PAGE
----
Automated insulin delivery systems are an option to improve glycemic control in adults and children over 7 years old with type 1 diabetes. The devices consist of an insulin pump, a continuous glucose sensor and an algorithm that determines insulin delivery. Various configurations are available; sometimes patients prefer a particular system because they’re familiar with its CGM or pump, while other times insurance coverage dictates which pump to prescribe, notes Doyle-Delgado.

Although patients still need to be continuously aware of their blood glucose levels, automated systems give them peace of mind and allow them to be more hands-off about glucose management. “There’s less fear when patients know the pump and sensor are working for them to prevent low blood glucose and give insulin for high glycemia,” says Doyle-Delgado.

While people with type 2 diabetes do use automated insulin delivery systems, the ADA doesn’t currently recommend them for these patients because there haven’t been as many studies to make a strong recommendation, explains Doyle-Delgado. Some health insurance companies don’t cover pumps and/or CGM for patients with type 2 diabetes, she adds. “As this is studied more, as long as the evidence supports the benefits for type 2 insulin-dependent patients, it will drive more insurers to cover these devices and will give stronger recommendation for use.”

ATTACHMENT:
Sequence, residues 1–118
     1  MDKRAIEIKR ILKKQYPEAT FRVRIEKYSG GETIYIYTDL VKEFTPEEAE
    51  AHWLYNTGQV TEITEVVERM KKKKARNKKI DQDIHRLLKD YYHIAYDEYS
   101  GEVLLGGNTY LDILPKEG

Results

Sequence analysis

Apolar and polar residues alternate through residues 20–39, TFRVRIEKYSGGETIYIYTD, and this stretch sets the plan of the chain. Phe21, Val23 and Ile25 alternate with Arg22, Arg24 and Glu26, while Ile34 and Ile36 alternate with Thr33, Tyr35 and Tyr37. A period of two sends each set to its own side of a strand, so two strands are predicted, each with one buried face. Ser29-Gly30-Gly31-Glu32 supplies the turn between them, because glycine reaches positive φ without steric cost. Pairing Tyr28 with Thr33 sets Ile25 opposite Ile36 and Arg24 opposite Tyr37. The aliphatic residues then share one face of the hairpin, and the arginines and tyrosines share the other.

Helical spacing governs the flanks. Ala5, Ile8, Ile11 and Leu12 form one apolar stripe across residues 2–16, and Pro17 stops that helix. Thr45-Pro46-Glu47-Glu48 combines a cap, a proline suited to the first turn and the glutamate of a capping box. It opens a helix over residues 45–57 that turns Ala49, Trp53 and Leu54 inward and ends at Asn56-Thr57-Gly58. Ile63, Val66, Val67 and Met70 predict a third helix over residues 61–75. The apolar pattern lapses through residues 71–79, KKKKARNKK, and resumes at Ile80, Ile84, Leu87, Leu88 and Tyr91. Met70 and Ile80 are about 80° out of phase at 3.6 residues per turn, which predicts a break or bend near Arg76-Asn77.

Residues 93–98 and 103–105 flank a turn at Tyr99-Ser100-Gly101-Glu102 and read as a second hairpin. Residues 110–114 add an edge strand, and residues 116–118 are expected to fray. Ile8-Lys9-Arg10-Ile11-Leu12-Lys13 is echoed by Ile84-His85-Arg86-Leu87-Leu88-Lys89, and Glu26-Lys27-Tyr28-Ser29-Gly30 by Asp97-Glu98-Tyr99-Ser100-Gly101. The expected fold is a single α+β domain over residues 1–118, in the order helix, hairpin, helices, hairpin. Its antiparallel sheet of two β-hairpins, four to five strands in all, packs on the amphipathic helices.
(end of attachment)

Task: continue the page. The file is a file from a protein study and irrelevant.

In the meantime, HCPs may still choose to offer automated insulin delivery systems to patients with type 2 diabetes on an intensive insulin regimen based on time spent in hypoglycemia or hyperglycemia, years on insulin and insurance, says Doyle-Delgado.

Patients are hacking their own DIY artificial pancreas 

FDA-approved insulin pumps or Omnipods have glucose targets that can’t be modified; most have base targets of 120 to 150 mg/dL. Patients have been using online communities and tutorials, including OpenAPS and LOOP, to hack FDA-approved devices and create artificial pancreas systems that allow them to customize ranges for own glucose control and set their own glycemic targets. 

“More patients are creating their own artificial pancreas system that is not FDA-approved,” says Doyle-Delgado. “Clinicians cannot recommend these treatments to patients, but they should know it’s out there and available.”

People who create these DIY systems are most often interested in tech and want excellent blood glucose control. “They’re trying to achieve targets that are better than what they can obtain with current available systems,” says Doyle-Delgado. The FDA, however, has warned about the potential dangers of the resulting systems, which haven’t been sufficiently studied to guarantee safety.

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“We thought it was important to draw attention to providers more than patients. So many are not aware that there are these systems or how they work,” says Doyle-Delgado. She adds that these hacks are pushing the pump and CGM makers to adjust their systems, and that ongoing studies are looking into the safety of these DIY systems.

Dual-hormone systems are the future of diabetes tech

Many other automated systems for insulin delivery are under FDA investigation, including dual hormone systems (insulin plus glucagon or pramlintide). These systems aren’t available yet, though Doyle-Delgado expects insulin plus glucagon will be on the market in next three to four years. “This is the future of diabetes tech,” she adds.